Another girl, then aged 11, told a ward sister also in 1977 that she had been sexually abused but was not believed. Her father verbally complained to hospital staff but nothing was ever done and investigators concluded that the man, who died seven years ago, did not take things further due to how seriously ill his daughter was at the time.

Dr Androulla Johnstone, Chief Executive of Health and Social Care Advisory Service, and the Stoke Mandeville report’s independent lead investigator, said if only the formal complaint had been properly acted upon by hospital management reporting it to the police Savile could have been stopped.

The missed opportunity meant the former Top of the Pops presented went on to abuse hundreds more people, ranging in age from five to 75, not just at Stoke Mandeville, but also at Broadmoor, where Savile also worked as a porter, and other hospitals around the country. The scale of his crimes only came to light following his death in 2011.

Dr Johnstone said: “Around one third of [Savile’s] attacks were against patients, just over 90 per cent of the victims were female. The sexual abuse ranged from inappropriate touching to rape. Savile was an opportunistic predator who could also on occasions show a high degree of pre-meditation when planning attacks on his victims.”

Health Secretary Jeremy Hunt said Savile’s actions had caused “immeasurable and often permanent damage” to his victims.

He said: “Because of his celebrity and useful fund raising skills, the right questions, the hard questions simply were not asked. Suspicions were not acted on and patients and staff were ignored. People were either too dazzled or too intimidated by the nation’s favourite celebrity to confront the evil predator we now know he was.”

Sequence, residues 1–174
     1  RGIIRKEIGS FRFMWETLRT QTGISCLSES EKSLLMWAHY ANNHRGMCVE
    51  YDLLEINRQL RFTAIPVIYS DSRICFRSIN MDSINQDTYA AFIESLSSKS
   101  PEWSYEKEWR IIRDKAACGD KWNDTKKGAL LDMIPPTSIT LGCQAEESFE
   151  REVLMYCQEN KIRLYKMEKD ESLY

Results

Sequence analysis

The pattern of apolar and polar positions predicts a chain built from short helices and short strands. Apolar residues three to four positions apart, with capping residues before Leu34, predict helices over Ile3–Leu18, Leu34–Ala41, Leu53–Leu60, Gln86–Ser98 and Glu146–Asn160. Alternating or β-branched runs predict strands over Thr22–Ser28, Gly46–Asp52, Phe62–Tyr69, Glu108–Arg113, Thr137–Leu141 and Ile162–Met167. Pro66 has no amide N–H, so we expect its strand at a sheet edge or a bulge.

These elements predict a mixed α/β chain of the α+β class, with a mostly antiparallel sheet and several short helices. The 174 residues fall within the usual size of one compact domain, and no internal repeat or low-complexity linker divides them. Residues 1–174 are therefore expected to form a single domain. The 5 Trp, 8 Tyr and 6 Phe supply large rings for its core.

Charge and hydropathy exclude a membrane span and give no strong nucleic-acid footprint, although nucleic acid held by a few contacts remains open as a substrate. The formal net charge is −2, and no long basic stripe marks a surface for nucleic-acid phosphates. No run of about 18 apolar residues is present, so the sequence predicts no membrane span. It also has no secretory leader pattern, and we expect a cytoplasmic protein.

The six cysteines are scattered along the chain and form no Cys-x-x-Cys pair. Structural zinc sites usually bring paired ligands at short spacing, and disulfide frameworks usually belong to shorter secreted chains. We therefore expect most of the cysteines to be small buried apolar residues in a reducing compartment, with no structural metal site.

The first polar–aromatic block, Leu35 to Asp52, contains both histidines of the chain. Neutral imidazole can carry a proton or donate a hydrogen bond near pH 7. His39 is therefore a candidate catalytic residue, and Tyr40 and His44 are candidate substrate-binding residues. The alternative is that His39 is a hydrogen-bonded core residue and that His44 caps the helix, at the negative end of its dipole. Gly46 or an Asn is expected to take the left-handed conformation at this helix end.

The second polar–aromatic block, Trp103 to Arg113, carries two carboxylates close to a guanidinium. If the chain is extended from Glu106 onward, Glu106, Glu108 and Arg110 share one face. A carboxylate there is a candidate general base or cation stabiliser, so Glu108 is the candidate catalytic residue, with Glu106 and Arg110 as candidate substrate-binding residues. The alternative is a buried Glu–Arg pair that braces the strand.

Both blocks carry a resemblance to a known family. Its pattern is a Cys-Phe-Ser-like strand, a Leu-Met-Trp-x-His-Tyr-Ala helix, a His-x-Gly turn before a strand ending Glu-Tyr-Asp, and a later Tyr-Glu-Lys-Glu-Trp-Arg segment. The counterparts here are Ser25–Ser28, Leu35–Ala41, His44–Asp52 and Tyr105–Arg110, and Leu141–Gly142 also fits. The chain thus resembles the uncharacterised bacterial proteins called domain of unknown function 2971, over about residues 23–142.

The Stoke Mandeville report said many of victims did not speak out for fear of having their treatment compromised. Savile’s offending only stopped when he became embroiled in a bitter legal battle with the new hospital trust’s Board from 1991 onwards when they used QCs to try and dislodge the DJ from his position of influence. It took them until 1999 to “resolve the situation”.

Margaret Thatcher, health ministers and civil servants were also blamed for allowing and encouraging Savile to establish a charitable trust, not realising the extra power and stranglehold it enabled the broadcaster to have over Stoke Mandeville as a result.

Government ministers appointed Savile as chief fundraiser of the new National Spinal Injuries Centre meaning Stoke Mandeville became dependent on Savile’s huge fundraising ability for 20 years and allowed him to attack a new set of victims at charity events.